"There are two curious indentations in it which prove that. The marks of two teeth, with a hiatus between, which you will see if you look closely," said the stranger, handing the small bit of tobacco to Sir Walter, "make that point evident beyond peradventure. The Captain lost an eye-tooth in one of his later raids; it was knocked out by a marine-spike which had been hurled at him by one of the crew of the treasure-ship he and his followers had attacked. The adjacent teeth were broken, but not removed. The cigar end bears the marks of those two jagged molars, with the hiatus, which, as I have indicated, is due to the destruction of the eye-tooth between them. It is not likely that there was another man in the pirate's crew with teeth exactly like the commander's, therefore I say there can be no doubt that the cigar end was that of the Captain himself."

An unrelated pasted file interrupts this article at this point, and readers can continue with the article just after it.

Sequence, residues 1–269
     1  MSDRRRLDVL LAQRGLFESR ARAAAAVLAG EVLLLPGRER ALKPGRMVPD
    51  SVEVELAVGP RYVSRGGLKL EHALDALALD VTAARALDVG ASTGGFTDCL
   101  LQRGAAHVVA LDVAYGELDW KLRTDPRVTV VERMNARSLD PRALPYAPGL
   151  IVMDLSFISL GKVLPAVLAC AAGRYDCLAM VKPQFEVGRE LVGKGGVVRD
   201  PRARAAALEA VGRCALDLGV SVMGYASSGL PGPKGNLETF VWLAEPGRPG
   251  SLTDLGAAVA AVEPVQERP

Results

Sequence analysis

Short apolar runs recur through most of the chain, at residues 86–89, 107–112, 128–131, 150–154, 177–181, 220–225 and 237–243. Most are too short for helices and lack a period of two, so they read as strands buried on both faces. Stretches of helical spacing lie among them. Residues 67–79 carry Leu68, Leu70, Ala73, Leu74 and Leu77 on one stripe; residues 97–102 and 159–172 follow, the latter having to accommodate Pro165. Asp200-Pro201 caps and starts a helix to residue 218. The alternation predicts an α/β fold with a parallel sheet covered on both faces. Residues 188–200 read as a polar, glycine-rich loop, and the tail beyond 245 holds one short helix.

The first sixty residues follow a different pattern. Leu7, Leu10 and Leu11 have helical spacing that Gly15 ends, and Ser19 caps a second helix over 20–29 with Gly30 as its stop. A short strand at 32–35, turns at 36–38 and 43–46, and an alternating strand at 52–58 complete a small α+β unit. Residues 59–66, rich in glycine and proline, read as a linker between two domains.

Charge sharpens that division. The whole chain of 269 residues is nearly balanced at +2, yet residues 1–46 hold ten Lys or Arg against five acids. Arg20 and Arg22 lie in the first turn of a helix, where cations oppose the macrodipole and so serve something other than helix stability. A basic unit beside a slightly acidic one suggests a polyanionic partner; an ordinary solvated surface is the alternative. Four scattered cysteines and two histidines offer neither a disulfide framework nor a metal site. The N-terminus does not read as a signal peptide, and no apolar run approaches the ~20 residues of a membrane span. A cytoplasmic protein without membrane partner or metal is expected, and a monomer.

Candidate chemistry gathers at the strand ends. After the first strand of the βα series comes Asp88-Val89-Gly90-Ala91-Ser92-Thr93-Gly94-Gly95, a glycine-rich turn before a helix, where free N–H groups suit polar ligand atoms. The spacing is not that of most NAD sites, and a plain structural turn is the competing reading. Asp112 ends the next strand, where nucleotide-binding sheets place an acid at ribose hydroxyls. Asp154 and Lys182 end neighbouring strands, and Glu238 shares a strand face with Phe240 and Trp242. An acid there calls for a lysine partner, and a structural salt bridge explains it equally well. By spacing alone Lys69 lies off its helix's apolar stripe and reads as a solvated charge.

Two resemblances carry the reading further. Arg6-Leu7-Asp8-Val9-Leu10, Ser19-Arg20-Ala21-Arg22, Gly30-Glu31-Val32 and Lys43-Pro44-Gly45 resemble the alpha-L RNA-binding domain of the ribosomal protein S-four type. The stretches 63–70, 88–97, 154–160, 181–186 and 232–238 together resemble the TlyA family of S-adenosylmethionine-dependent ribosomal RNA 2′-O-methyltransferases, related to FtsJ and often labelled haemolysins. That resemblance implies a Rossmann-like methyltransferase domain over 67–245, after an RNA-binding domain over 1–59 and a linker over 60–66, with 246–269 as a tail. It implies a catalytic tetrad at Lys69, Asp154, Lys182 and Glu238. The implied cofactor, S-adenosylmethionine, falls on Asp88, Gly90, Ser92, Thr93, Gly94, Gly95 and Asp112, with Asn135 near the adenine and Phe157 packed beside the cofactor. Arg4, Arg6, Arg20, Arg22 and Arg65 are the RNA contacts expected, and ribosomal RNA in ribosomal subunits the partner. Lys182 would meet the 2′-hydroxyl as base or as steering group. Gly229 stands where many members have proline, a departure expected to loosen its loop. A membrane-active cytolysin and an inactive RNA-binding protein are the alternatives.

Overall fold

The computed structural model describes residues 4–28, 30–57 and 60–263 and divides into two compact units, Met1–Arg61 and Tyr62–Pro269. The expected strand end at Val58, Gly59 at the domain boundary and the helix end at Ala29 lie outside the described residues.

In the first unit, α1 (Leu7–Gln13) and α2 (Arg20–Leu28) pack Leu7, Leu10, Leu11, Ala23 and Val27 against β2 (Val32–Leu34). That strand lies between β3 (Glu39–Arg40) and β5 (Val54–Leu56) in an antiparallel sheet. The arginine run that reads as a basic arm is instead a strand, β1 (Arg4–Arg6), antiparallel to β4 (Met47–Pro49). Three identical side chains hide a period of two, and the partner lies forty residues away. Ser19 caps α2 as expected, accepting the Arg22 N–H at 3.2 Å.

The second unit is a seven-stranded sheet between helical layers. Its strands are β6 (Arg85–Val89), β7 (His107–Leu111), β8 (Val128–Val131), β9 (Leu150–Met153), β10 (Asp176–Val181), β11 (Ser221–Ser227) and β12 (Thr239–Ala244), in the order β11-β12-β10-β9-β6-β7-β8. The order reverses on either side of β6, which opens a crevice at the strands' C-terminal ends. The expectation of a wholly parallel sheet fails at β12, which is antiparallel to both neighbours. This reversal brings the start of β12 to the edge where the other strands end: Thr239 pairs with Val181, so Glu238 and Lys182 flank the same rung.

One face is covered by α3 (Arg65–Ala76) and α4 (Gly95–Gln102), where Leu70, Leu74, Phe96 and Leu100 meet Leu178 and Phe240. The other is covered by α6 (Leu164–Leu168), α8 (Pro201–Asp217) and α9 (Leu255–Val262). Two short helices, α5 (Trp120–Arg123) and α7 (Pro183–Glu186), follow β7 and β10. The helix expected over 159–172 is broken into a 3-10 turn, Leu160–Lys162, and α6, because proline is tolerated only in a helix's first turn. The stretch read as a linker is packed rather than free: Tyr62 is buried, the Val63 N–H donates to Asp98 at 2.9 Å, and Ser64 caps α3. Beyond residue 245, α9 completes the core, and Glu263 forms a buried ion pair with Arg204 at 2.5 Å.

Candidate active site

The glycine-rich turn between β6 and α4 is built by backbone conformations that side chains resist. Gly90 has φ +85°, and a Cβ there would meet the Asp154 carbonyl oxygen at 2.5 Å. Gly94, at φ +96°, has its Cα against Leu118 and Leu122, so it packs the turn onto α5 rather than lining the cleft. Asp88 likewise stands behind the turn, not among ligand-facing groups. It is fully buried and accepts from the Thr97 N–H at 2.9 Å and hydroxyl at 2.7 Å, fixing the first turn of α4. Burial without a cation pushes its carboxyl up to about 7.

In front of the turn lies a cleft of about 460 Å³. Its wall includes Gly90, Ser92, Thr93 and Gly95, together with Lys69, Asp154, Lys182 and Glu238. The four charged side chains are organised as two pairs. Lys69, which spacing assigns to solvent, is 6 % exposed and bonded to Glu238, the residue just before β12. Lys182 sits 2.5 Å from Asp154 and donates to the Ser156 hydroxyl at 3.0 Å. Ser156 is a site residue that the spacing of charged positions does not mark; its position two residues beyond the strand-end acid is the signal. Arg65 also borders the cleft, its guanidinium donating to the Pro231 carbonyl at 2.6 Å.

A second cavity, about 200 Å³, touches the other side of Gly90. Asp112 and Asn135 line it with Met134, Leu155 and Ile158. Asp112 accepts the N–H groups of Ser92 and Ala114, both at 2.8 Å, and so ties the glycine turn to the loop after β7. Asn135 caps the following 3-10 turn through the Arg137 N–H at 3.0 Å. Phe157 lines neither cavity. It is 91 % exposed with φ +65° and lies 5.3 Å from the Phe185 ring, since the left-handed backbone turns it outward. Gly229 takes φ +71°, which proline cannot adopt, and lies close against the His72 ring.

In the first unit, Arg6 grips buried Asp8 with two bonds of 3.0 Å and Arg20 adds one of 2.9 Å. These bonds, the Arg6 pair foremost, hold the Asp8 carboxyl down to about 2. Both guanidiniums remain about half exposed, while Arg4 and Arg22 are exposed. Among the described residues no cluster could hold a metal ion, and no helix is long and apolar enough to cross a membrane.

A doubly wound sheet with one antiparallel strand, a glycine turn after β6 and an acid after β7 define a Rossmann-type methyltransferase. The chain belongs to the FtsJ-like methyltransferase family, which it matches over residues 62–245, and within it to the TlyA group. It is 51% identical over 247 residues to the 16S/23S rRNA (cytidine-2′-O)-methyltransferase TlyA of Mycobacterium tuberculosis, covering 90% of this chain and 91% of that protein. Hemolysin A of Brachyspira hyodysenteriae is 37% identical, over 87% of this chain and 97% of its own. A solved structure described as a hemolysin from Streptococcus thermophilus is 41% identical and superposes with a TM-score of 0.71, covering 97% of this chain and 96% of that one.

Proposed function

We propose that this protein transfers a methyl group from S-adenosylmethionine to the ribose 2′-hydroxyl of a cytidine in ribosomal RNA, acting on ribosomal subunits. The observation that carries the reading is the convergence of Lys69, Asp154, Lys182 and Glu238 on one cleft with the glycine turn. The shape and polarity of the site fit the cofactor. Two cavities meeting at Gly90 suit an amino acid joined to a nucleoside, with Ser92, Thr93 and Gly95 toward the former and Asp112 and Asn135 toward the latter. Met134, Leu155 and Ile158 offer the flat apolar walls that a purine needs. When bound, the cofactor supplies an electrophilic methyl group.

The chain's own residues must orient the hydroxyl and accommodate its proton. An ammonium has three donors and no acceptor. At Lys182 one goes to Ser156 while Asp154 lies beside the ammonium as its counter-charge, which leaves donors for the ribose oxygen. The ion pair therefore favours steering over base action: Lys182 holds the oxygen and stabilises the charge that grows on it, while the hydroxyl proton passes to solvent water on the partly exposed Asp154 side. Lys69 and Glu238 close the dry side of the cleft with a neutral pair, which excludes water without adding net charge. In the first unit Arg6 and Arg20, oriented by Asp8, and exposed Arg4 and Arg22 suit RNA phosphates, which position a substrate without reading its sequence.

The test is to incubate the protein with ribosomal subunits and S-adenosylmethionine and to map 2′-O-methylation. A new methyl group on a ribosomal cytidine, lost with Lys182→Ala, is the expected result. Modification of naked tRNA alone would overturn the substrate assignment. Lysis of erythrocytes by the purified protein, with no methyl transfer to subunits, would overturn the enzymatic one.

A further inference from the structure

"Very interesting indeed," observed Blackstone, removing his wig and fanning himself with it; "but I must confess, Mr. Chairman, that in any properly constituted law court this evidence would long since have been ruled out as irrelevant and absurd. The idea of two or three hundred dignified spirits like ourselves, gathered together to devise a means for the recovery of our property and the rescue of our wives, yielding the floor to the delivering of a lecture by an entire stranger on 'Cigar Ends He Has Met,' strikes me as ridiculous in the extreme. Of what earthly interest is it to us to know that this or that cigar was smoked by Captain Kidd?"